Discovery of a Disruptive Technology for Agriculture by Dent Associates Ltd
Azotic Technologies Ltd is a company established in 2012 to commercially develop an invention from University of Nottingham by Professor Ted Cocking FRS that enables any crop to fix nitrogen from the air and thereby, reduce the need for polluting nitrogen fertilizers. The technology has the potential to transform global agriculture: improving food security for billions of people, reducing nitrogen fertilizer pollution as a greenhouse gas and nitrate runoff into our waterways, while improving the efficiency of crop production for the farmer. Almost too good to be true: so how was this exciting invention discovered and Azotic Technologies established to develop and commercialise the technology?
A casual conversation with Sir Professor John Beddington, the former Government Chief Scientific Adviser, in early 2011 led David Dent to undertake a review of scientific output from our UK Universities and Research Institutes to determine if there were any exciting emerging technologies in the fields of food security, waste and water management that could have a transformative and global impact within a 5-10 year time frame. David expected to be able to produce a report on the top 100 technologies that were going to change the world. However, after an exhaustive review of scientific research programmes, grants, technical bulletins, publications and press releases, David was only able to identify 75 latent technologies that had any potential at all. Number one among these however, and with a potential far in excess of any of the others on the list, was the research, publication and patent of Professor Cocking at Nottingham University on the intracellular colonisation of the nitrogen-fixing bacteria Gluconacetobacter diazotrophicus in a range of crops. If the outputs of this research could be successfully transferred to, and proven in the field then it genuinely offered the opportunity for transforming global agriculture. Second on the list was the research at the John Innes Centre to genetically manipulate cereal crops to produce root nodules with associated rhizobia bacteria to achieve nitrogen fixation in cereals. However, the latter did not secure first place because it was much further from practical utility and would necessitate an exhaustive regulatory process. Realising the potential value of the review to our business; a list of the top latent technologies in the UK, Dent Associates never formally published the report.
A bar in Bangkok provided the venue for the next step in the process that would ultimately see the establishment of Azotic Technologies. David organised for UKTI in March 2011, a workshop in Thailand on Innovation, industry and investment: Thailand and UK Collaboration. Having contacts at the Business School in Nottingham, David invited the University to send a representative to the workshop. They sent Dr Alan Burbidge, at that time a Licensing Executive in the University’s IP Management and Commercial Team. Following the event, relaxing over a beer with Alan in the hotel bar the subject moved round to Professor Cocking’s invention on nitrogen fixation. Alan was able to explain that the University was looking to license the rights to commercialisation from their patent on this invention to a suitable commercial partner, but had yet to identify someone suitable. David offered the services of Dent Associates to undertake an evaluation of the commercial potential of the invention and to identify potential commercial partners.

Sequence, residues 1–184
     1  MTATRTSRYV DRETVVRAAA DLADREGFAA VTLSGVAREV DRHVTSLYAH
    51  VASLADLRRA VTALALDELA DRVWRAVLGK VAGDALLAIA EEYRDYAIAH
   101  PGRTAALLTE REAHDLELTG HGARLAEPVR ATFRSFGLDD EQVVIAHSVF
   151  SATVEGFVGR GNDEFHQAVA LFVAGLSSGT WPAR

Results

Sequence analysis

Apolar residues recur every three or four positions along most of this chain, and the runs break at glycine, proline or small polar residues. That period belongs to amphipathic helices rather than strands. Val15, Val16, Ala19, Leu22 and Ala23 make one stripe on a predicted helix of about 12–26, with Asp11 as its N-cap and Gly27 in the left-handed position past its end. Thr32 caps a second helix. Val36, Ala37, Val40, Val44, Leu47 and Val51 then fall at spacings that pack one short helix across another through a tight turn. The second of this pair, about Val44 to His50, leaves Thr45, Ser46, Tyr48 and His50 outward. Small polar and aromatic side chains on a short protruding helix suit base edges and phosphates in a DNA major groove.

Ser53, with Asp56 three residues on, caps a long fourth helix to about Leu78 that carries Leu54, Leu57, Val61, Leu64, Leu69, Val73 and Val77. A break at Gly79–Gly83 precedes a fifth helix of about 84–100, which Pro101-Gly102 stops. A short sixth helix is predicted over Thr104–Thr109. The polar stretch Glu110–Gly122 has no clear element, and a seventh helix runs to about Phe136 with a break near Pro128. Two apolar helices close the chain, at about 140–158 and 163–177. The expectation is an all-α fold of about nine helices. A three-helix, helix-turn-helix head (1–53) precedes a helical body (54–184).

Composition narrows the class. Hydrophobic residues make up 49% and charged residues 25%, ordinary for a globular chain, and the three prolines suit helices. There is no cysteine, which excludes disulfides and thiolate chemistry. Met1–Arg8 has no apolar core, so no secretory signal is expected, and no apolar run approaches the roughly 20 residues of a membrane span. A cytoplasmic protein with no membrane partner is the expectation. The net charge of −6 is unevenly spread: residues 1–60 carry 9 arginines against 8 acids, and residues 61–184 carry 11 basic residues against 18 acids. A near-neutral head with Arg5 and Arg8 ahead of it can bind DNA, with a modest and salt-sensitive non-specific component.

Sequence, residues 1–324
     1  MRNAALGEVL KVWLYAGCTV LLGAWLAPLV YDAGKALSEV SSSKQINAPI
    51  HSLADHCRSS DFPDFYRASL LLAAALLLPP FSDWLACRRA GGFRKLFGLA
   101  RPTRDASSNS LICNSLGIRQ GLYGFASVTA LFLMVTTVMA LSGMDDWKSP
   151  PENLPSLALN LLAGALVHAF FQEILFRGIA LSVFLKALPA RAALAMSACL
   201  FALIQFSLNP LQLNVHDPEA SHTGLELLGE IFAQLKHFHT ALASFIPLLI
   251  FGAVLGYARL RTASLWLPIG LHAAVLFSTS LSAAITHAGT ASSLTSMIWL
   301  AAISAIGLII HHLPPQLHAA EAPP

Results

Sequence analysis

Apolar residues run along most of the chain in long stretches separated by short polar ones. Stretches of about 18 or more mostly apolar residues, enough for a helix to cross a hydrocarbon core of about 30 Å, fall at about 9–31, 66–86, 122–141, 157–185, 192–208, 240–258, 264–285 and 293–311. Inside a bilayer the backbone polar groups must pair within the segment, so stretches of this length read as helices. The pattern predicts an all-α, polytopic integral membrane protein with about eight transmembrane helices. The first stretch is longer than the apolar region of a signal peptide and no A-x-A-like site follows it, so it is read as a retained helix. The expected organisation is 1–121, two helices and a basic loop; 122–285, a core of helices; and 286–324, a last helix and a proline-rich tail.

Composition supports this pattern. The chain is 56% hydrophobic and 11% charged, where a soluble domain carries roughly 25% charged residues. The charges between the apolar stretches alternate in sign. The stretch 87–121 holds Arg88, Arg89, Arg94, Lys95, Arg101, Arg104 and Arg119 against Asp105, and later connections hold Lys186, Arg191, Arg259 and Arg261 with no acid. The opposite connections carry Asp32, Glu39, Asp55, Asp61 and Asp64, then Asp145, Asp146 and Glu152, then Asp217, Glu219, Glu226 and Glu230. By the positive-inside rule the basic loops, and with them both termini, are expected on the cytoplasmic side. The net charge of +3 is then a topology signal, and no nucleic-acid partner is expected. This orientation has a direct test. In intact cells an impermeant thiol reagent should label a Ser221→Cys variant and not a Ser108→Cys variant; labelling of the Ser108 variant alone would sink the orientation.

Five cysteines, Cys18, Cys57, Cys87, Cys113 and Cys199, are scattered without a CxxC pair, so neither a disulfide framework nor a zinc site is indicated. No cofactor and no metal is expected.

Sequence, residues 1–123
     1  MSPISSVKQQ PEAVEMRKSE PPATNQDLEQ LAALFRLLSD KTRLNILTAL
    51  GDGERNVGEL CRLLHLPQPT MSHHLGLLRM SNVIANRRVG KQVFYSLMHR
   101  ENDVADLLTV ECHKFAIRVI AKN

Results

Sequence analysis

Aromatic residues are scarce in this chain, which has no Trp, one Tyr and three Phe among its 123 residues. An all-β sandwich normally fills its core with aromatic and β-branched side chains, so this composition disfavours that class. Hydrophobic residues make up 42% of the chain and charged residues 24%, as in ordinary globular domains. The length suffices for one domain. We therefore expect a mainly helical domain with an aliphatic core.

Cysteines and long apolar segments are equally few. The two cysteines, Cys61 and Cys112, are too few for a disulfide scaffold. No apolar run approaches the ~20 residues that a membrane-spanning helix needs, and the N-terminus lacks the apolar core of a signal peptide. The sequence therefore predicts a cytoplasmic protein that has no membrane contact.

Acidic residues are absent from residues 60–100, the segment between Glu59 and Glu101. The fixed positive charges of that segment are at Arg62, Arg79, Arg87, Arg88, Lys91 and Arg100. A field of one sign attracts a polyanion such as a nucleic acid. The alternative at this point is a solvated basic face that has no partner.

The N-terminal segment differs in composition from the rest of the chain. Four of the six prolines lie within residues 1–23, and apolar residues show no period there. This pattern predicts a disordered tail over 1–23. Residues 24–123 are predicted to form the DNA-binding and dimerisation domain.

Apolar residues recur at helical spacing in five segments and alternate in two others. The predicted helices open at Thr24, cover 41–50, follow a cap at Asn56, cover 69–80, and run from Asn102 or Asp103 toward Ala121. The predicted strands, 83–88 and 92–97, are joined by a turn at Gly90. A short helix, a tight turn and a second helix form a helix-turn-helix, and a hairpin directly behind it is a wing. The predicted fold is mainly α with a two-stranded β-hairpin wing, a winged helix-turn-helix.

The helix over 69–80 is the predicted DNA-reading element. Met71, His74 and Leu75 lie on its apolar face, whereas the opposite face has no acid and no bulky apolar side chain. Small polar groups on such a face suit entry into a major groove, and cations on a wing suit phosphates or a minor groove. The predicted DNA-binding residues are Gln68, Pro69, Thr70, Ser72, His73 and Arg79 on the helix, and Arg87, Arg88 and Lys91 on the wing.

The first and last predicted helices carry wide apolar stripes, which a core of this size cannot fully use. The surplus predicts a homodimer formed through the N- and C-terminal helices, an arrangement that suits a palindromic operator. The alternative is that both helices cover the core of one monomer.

Dent Associates Ltd undertook the consultancy for the University of Nottingham betweem April and May 2011 during which time David met with Ted Cocking and his postdoc Dr Phil Stone to learn more about the nitrogen-fixing bacteria Gluconacetobacter diazotrophicus (Gd), its ability under the right conditions to colonise plants intracellularly, to spread throughout and fix nitrogen. The more David learned the greater his conviction that the invention had real commercial potential and the Consultancy Report submitted in June 2011 identified a number of potential commercial partners.
A pivotal moment for the subsequent development of Azotic Technologies was the email sent by David on 23rd August 2011 to Peter Blezard former CEO of Plant Impact plc who was looking for a new project. Davids email described Ted’s invention and its potential – “If you want a new technology to work with in agriculture this is potentially revolutionary …”. A follow-up phonecall on the Friday started the process rolling for what would eventually become Azotic Technologies. In November 2011 Peter and David presented a proposal to the University of Nottingham for NewCo Hemsley (based on the name of the meeting room at the University in which David, Peter and Alan Burbidge met), a company to license and commercially develop the technology based on patent of Ted’s invention. NewCo Hemsley morphed into Azotic Technologies which was formerly registered as a company in January 2012.
And why Azotic Technologies? The element Nitrogen was discovered by the French chemist Lavoisier. He named it ‘Azote’ meaning ‘without life’, because of its inert nature. With nitrogen-fixing bacteria known as diazotrophs, derived from the word ‘Azote’, it was a simple leap of imagination to the name Azotic and hence, Azotic Technologies Ltd.
Dr David Dent, Principal Consultant of Dent Associates is a Founder Director and Chief Technical Officer of Azotic Technologies Ltd.